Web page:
States warned of looming cyber threat to physical assets

Cyber-attacks that could lead to physical damage of critical national infrastructure should now be viewed as a significant emerging risk, according to a leading cyber underwriter.

Speaking at Scor’s Live Session on Emerging Risks this week, Margaret Rose, vice president, head of Americas – Professional Lines & Cyber, SCOR Specialty Insurance, asked when are we going to see cyber-attacks that lead to physical damage?

She pointed out that private companies hold strategic assets that underpin economic activity, but these assets are potentially vulnerable to cyber-attack.

Rose pointed out that the emerging cyber threat is a dynamic one, and should not be underestimated: “We have ransomware today, but we won’t necessarily have ransomware tomorrow. Companies need to invest in cyber security; they need to spend on risk management and cyber defences.”

She added that the market has seen a shift from cyber criminals effectively “big game hunting” to going after smaller companies, but that attacks are still motivated by the desire for financial gain, with extortion at their heart.

The physical consequences of cyber-attacks were made very clear with the recent acknowledgement by Colonial Pipeline’s CEO that his company paid a multi-million ransom to cyber-criminals.

Speaking to the Wall Street Journal, Joseph Blount justified the $4.4 million payment by saying that executives were unsure how badly its systems were breached or how long it would take to restore the pipeline.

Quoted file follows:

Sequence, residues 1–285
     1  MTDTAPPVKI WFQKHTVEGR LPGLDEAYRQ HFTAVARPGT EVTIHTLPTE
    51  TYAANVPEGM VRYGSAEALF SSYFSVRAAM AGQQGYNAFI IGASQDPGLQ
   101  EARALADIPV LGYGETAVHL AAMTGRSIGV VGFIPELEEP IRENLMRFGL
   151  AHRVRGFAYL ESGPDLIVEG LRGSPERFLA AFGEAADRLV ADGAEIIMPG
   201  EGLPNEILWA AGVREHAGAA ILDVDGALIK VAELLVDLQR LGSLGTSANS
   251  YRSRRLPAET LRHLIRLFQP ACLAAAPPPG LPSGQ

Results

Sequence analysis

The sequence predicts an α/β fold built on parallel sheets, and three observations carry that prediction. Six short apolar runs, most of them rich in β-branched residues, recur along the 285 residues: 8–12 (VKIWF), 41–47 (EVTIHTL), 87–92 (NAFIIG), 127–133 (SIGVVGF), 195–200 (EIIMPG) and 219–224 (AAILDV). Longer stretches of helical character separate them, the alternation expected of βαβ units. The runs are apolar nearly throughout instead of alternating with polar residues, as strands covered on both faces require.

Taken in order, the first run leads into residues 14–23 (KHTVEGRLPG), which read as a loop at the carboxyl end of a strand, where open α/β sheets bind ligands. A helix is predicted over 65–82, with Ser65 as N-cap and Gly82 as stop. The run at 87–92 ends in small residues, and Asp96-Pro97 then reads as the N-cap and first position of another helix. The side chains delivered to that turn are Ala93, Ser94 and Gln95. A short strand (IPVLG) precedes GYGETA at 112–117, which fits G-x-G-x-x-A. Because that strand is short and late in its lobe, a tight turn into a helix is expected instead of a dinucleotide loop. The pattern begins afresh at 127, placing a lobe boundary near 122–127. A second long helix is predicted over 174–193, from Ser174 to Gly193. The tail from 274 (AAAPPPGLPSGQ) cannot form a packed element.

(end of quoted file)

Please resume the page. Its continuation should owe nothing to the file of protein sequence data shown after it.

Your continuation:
The 5,500-mile Colonial Pipeline Co system was closed after one of the most disruptive cyber-attacks on record, preventing millions of barrels of gasoline, diesel and jet fuel from flowing to the US East Coast from the Gulf Coast.

Rose’s comments come in the same week that a hard-hitting report has warned the threat of physical damage from cyber threats is growing in both number of incidents and the scale of the attacks themselves.

The report, Shifting powers: Physical cyber risk in a changing geopolitical landscape, issued by Lloyd’s, looks to shine a light on the risk of cyber-attacks which could inflict significant physical damage on national infrastructure and privately owned assets.

It focuses on the importance of effective risk management and the role of insurers in helping customers build resilience to cyber-attacks. As malicious attacks increase in frequency, cyber represents a key opportunity for insurers to support businesses and societies through the products and services they provide.

The report examines three hypothetical scenarios involving politically motivated cyber-attacks intended to cause damage to physical environments. Both critical national infrastructure and privately-owned assets are highlighted as potential targets of attacks from criminals or state-sponsored actors. 

The report goes on to outline the potential material impacts on businesses if risk managers are not aware of the risks associated with protecting their physical infrastructure from cyber incidents, including fire, explosion, flooding, or bodily injury.

The 5,500-mile Colonial Pipeline Co system was closed after one of the most disruptive cyber-attacks on record, preventing millions of barrels of gasoline, diesel and jet fuel from flowing to the US East Coast from the Gulf Coast.

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